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Temporal Expressions in the Narrative Writing of Chinese Native Speakers and English Learners of Chinese
Chen, Fred J.
本研究以Smith和Erbaugh（2009）為理論基礎，結合前後景理論，整理母語者時間表達常模，並且進一步比較以英語為母語學習者與漢語母語者的異同，提出三個研究問題：1) 母語者與學習者使用時間名詞作為定位表現有何異同？2) 母語者與學習者時間推進中，形式和零形式使用有何差異？3) 母語者和學習者在使用時間推進與話題鏈時，有何差異？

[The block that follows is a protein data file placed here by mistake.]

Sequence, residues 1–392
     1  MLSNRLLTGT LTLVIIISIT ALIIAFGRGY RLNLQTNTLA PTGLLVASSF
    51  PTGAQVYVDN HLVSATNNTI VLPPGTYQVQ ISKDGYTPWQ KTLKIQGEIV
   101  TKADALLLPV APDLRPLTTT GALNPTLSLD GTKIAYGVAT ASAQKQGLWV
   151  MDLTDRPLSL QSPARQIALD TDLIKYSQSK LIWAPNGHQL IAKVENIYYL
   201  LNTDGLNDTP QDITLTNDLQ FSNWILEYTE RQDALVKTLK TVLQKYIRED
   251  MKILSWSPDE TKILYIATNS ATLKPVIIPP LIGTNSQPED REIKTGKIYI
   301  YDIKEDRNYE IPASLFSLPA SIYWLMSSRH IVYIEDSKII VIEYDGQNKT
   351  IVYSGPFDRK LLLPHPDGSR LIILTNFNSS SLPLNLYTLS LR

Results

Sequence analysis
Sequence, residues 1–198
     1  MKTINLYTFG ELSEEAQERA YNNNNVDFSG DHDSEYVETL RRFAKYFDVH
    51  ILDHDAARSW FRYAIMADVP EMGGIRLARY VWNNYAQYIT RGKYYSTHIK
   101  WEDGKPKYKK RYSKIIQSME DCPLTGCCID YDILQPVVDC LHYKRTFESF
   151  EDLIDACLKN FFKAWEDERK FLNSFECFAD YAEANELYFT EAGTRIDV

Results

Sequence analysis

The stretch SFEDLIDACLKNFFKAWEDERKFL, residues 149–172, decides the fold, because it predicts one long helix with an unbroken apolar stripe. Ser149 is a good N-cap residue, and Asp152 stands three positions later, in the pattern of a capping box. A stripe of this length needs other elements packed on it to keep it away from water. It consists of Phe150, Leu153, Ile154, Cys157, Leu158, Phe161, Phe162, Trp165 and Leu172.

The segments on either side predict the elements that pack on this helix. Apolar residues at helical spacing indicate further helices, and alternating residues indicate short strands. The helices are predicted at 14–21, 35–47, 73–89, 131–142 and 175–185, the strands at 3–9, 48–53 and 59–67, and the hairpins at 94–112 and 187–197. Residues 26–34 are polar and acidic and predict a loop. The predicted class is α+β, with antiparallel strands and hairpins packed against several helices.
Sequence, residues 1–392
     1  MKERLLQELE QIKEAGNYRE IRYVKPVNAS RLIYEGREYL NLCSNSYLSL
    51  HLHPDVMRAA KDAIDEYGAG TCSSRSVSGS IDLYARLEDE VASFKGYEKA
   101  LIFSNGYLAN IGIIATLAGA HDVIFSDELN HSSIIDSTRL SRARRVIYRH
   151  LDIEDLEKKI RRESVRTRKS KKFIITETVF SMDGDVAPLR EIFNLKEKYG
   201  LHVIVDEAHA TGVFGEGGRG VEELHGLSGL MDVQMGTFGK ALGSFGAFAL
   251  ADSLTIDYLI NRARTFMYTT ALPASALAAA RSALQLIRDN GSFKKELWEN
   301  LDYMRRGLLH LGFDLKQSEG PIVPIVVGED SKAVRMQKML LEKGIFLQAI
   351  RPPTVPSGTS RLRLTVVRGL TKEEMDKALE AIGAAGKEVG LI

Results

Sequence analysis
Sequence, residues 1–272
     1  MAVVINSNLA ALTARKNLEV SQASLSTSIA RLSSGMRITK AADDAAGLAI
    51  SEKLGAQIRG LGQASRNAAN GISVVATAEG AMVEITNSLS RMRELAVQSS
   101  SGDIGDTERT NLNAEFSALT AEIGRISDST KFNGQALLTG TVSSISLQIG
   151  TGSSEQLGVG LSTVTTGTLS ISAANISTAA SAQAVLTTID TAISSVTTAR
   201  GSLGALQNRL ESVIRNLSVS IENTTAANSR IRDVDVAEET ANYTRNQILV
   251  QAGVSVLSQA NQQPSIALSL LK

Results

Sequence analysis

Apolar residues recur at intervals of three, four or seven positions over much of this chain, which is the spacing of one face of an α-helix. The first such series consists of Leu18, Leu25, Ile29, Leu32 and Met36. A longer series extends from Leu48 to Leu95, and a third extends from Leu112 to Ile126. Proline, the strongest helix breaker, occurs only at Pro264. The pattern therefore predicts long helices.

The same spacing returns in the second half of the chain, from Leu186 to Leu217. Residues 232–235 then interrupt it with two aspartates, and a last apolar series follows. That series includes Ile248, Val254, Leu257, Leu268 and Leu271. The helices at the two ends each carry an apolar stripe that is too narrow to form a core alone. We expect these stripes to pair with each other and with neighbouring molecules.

Chinese and English are distinct in language typology. The Principle of Temporal Sequence is a typical order in Chinese while it is not in English. When it comes to temporal location, while English uses suffixes to mark the temporal relationship, Chinese expresses it by the lexical approach and context. Therefore, it is a worthwhile endeavor to explore the temporal expressions of English learners of Chinese. The present study based itself on the theoretical framework of temporal advancement advocated by Smith and Erbaugh (2009) in conjunction with Grounding Theory in order to investigate temporal expression variations in the writing of Chinese native speakers and English learners of Chinese. Three research questions have been formulated in this study: First, what are the differences between Chinese native speakers and English learners of Chinese in their use of time nouns for temporal orientation? Second, what are the differences between these two language groups in their use of overt and zero forms for time advancement? Third, what are the differences between the two groups in their interactive use of temporal advancement and topic chain? The data of the present study were collected from Chinese native speakers and English learners of Chinese. For the native data, 10 Chinese narrative writings were chosen from two travel books. As for the learner data, 18 learners were recruited from various universities in Taiwan. The learners were further categorized into three proficiency levels: Six intermediate, six intermediate high, and six advanced. The results of the analysis of this yield three major findings: First, the English learners of Chinese used more time nouns than Chinese native speakers. Additionally, the learners were not aware of the fact that Chinese time compound “Zhe4”could be used to express non-deictic meaning and refer to time in the past. Second, there was no significant difference between the two language groups in their use of overt and zero forms of temporal advancement. However, the learners were prone to use overt forms for temporal advancement, but they used much less regulative complements than the native speakers. Third, in the narrative writing of Chinese native speakers, more than half of the temporal advancement sentences overlapped with topic chains, but no such phenomenon was observed in those of the English learners. In the end, pedagogical implications were provided based on the results of this study.
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